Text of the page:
Teenage birth is often associated with economic and social issues: such as alcohol and drug misuse and, across 13 nations in the European Union, women who gave birth as teenagers were twice as likely to be living in poverty, compared with those who first gave birth when they were over 20.[11]

Bulgaria and Romania

Romania and Bulgaria have some of the highest teenage birth rates in Europe. As of 2015, Bulgaria had a birth rate of 37/1.000 women aged 15-19, and Romania of 34.[12] Both countries also have very large Romani populations, who have an occurrence of teenage pregnancies well above the local average.[13][14][15]

In recent years, the number of teenage mothers is declining in Bulgaria.

Number of teenage mothers in Bulgaria in the period 1990-2016 [16]
Year 1990 1995 2000 2005 2010 2015
All live births in Bulgaria 105,180 71,967 73,679 69,886 75,513 65,950
Mothers aged under twenty 22,518 16,278 12,787 10,625 8,411 6,274
Share of teenage mothers Increase 21.4% Increase22.6% Decrease 17.4% Decrease 15.2% Decrease 11.1% Decrease 9.5%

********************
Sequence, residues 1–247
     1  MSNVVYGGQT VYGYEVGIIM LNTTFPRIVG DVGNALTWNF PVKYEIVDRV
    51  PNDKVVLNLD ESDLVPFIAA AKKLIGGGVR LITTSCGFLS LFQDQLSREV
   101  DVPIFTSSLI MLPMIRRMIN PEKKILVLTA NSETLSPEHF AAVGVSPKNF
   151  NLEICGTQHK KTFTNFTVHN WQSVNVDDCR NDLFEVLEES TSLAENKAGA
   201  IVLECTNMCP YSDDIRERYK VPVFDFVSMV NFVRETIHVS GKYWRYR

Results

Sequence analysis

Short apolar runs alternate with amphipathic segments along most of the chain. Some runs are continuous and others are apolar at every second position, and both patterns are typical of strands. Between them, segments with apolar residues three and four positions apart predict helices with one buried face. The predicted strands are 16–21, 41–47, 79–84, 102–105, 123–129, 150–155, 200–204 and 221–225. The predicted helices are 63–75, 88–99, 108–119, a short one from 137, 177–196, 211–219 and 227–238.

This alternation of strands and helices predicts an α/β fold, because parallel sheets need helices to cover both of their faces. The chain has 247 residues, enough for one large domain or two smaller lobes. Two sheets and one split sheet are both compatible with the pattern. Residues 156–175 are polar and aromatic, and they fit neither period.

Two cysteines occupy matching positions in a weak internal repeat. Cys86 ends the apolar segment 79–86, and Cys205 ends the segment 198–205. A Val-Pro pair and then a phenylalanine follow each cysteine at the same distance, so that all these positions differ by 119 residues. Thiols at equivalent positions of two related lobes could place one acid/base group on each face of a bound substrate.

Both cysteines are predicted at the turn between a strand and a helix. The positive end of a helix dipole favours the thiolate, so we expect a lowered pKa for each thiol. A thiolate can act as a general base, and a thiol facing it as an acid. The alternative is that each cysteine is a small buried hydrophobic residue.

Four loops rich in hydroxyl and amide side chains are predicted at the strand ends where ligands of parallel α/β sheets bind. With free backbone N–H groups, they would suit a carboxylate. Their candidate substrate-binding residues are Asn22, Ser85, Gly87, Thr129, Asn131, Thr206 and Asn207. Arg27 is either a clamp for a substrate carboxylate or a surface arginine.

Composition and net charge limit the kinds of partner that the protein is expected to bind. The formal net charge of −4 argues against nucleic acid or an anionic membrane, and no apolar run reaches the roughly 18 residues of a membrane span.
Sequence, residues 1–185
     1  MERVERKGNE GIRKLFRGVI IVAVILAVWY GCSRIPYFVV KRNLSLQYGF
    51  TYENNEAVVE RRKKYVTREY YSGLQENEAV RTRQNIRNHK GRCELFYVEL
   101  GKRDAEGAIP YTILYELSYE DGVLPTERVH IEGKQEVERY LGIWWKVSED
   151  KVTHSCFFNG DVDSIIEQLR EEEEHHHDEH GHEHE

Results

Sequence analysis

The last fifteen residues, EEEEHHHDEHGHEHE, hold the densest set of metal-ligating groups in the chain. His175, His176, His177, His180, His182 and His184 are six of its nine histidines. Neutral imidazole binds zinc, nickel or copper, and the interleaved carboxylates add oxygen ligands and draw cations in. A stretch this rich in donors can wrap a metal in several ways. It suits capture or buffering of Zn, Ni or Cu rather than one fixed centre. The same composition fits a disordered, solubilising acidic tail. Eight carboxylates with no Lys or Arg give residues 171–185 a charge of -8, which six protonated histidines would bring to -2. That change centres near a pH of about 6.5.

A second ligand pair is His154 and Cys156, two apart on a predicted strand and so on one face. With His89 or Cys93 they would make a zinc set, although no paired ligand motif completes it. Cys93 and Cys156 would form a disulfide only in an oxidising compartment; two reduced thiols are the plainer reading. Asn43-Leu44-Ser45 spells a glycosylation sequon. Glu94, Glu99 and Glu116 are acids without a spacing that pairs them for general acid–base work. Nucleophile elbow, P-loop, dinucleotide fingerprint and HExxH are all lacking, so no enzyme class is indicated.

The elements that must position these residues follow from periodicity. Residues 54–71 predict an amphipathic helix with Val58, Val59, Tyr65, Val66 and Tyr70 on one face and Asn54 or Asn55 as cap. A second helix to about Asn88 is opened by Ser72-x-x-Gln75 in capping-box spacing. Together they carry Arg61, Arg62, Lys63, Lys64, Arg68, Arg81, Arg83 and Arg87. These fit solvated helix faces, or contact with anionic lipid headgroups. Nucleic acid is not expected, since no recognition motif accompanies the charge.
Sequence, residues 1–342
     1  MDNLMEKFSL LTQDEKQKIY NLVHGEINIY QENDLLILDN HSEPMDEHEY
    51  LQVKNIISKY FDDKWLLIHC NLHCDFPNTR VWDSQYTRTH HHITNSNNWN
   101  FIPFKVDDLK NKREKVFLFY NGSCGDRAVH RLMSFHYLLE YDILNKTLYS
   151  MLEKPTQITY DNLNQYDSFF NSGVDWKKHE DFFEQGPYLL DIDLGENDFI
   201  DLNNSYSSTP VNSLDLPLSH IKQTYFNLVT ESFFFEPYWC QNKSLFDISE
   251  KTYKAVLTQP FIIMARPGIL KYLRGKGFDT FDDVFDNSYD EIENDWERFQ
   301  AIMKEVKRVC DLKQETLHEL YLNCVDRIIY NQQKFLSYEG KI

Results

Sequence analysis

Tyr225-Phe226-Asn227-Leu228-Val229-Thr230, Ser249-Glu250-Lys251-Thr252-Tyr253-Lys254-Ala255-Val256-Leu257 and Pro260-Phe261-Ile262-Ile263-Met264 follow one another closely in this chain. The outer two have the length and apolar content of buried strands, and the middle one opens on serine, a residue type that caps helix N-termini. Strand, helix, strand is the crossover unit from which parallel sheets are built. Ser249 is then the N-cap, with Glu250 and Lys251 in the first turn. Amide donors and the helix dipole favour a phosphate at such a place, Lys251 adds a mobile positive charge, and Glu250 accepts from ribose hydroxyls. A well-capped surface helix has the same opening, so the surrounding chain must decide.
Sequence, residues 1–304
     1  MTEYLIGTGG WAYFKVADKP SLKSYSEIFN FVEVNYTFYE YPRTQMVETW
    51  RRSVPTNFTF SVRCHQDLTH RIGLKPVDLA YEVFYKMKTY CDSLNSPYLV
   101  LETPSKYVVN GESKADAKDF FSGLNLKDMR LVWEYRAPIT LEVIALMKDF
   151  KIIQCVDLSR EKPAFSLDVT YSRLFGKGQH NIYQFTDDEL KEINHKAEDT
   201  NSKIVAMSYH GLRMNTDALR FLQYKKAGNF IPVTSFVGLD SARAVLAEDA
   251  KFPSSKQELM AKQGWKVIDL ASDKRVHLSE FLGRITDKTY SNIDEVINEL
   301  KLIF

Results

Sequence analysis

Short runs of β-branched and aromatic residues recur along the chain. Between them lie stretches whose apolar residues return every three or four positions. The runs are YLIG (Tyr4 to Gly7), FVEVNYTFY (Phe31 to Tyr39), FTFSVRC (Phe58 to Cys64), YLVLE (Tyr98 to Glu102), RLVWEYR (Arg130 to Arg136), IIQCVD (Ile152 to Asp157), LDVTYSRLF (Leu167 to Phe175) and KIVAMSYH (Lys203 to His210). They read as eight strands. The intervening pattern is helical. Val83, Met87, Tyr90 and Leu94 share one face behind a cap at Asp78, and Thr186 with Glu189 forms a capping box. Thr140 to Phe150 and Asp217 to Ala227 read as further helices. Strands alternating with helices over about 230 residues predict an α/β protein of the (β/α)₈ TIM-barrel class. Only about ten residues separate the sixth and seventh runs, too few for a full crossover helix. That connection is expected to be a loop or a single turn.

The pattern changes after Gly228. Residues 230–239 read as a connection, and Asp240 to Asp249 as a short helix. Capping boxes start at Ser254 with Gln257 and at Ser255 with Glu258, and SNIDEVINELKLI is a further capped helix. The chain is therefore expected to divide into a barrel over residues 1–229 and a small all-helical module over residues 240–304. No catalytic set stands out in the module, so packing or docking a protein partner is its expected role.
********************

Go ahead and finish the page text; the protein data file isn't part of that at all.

The Netherlands has a low rate of births and abortions among teenagers (5 births per 1,000 women aged 15–19 in 2002[5]). Compared with countries with higher teenage birth rates, the Dutch have a higher average age at first intercourse and increased levels of contraceptive use (including the "double Dutch" method of using both a hormonal contraception method and a condom ).

Nordic countries

Italy, Spain and Portugal

In some countries, such as Italy and Spain, the rate of adolescent pregnancy is low (6 births per 1,000 women aged 15–19 in 2002 in both countries).[5] These two countries also have low abortion rates (lower than Sweden and the other Nordic countries)[17] and their teenage pregnancy rates are among the lowest in Europe. However, Portugal, has a relatively high rate of teenage pregnancy (17 births per 1,000 women aged 15–19 in 2002).[5]

United Kingdom

The UK has one of the highest teenage birth rates in Europe with a rate of 26.4 teenage births per 1,000 women aged 15–19 in 2006, down from 27.9 births in 2001.[18] The UK also has a higher rate of abortion than most European countries. Of young Britons reported engaging in sexual intercourse whilst in their teens, 80% said they did not use a form of contraception , although a half of those under 16, and one-third of those between 16 and 19, said they did not use a form of contraception during their first encounter{{Citation needed|date=November 2019} ried.[19] Adolescent pregnancy is viewed as a matter of concern by both the British government and the British press[citation needed].